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Burma’s Kachin Conflict Escalates

Burma’s Kachin Conflict Escalates
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Burma’s Kachin Conflict Escalates

In Burma’s north, an 18-month-long battle between Kachin rebels and Burmese troops has escalated in recent weeks, with the military’s use of airpower. While the fighting continues, Burma's ethnic leaders are gathering to discuss whether the peace process can continue.

Burmese air strikes on Kachin military positions mark a significant escalation in the battle with the Kachin Independence Army, which is fighting for greater autonomy. Few reporters are on the ground. This footage was released by a humanitarian organization called Free Burma Rangers.

Some worry the attacks could derail peace talks for the country’s last ongoing armed rebellion. A group of ethnic leaders, United Nationalities Federation Council, met in northern Thailand to discuss prospects for a unilateral ceasefire. David Tharkabaw is the vice president of the UNFC. “Very heavy artillery, very heavy bombardment, so we may even consider the possibility -- the probability of suspending the talks," he said.

In Bangkok Friday, some 50 protesters gathered in at the Burmese embassy calling for an end to the war in Kachin state. No Burmese embassy officials met the protesters, who called for opposition leader Aung San Suu Kyi to take up their cause.

“I want Aung San Suu Kyi to work harder and speak for Kachin ethnics and all ethnic groups in Burma and stand for us we trust in you," said one protester.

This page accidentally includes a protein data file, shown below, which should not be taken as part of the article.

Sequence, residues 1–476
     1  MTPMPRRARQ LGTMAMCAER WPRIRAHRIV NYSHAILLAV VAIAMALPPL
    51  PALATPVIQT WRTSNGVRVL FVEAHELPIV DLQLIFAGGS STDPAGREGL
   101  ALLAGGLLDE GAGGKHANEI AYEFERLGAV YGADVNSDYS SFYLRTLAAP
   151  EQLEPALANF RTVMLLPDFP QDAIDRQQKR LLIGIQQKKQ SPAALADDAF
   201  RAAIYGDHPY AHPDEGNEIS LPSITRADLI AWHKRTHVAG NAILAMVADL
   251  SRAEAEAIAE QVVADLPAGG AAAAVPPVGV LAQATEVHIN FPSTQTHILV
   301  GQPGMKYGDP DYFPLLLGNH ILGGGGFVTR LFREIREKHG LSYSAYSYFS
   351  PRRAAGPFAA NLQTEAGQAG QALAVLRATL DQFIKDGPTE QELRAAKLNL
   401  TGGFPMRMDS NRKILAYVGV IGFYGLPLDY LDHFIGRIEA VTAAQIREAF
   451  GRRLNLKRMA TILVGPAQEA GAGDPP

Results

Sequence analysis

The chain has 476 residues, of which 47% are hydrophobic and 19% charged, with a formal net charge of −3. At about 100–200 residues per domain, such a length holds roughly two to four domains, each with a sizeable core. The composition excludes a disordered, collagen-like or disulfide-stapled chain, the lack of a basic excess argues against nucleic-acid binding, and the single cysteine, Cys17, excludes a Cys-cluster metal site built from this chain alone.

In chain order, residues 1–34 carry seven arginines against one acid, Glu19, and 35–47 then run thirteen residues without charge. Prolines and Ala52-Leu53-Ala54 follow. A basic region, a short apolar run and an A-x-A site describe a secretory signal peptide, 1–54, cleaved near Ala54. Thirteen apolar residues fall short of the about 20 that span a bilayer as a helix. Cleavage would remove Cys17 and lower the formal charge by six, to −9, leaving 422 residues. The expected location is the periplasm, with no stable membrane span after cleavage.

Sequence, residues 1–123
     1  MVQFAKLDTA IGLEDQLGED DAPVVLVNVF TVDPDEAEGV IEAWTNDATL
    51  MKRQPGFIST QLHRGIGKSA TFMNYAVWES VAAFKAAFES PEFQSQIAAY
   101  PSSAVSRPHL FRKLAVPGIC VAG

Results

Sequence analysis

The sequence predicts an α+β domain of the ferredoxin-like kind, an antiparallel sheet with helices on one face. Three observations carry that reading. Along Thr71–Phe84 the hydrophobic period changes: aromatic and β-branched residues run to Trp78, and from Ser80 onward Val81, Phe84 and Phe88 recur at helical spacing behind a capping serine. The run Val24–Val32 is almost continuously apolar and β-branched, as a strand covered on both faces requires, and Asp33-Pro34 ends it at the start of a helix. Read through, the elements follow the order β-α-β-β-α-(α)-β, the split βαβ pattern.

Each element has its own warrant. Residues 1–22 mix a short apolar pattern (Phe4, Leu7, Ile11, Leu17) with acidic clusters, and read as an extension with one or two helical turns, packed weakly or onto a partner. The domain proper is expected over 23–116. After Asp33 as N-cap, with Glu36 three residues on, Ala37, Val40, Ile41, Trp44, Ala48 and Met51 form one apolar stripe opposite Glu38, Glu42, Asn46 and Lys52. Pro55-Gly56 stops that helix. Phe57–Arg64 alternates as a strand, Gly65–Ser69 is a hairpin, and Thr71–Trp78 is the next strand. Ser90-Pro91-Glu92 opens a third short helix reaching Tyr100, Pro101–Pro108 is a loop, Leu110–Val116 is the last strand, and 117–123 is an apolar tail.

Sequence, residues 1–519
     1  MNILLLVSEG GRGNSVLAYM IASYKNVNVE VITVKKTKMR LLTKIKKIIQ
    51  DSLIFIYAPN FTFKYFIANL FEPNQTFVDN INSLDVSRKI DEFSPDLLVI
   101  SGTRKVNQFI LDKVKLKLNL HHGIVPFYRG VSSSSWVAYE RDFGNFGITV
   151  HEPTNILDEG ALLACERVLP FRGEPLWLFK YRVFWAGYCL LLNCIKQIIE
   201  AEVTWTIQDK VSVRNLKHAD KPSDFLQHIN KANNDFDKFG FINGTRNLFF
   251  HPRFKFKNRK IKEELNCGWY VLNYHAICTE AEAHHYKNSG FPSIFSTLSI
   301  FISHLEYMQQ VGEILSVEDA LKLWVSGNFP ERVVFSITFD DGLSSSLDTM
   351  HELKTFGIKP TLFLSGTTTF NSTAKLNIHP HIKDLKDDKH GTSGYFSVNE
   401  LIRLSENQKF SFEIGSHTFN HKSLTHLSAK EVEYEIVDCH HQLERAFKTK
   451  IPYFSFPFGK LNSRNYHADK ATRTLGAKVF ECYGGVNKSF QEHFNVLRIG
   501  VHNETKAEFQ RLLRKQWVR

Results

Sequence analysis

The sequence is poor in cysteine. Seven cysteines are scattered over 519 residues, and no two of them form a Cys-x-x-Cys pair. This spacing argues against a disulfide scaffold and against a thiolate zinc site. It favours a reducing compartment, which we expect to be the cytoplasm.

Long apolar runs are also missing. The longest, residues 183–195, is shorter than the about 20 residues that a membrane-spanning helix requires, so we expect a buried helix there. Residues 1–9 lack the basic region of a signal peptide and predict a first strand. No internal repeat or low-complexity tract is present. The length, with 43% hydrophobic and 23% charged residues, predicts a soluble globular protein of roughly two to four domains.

Newly democratic Burma has seen a surge in tourism in the past year. The Kachin conflict threaten to damage its reputation among visitors, such as tourist Jeneane Paxson, who happened to visit the embassy for a tourist visa during the protest. "Obviously there are some underlying issues going on that could very well affect my trip," she said.

President Thein Sein has been lauded as a reformer by international rights groups, and is slated to receive the International Crisis Group's highest honor, the Pursuit of Peace Award in April 2013.

ICG's Southeast Asia project director Jim Della-Giacoma says via Skype that despite the fighting, there could still be a peace deal. “These airstrikes are not happening in isolation they've happened at a particular point in time when peace talks haven't been going well and there is on both sides distrust, an attempt to fight it out on the battlefield but at the same time continue to talk. There is interest from both the Kachin and the military to have a deal to end this conflict," he said.

More protests at embassies around the world are scheduled to take place over the next few days.
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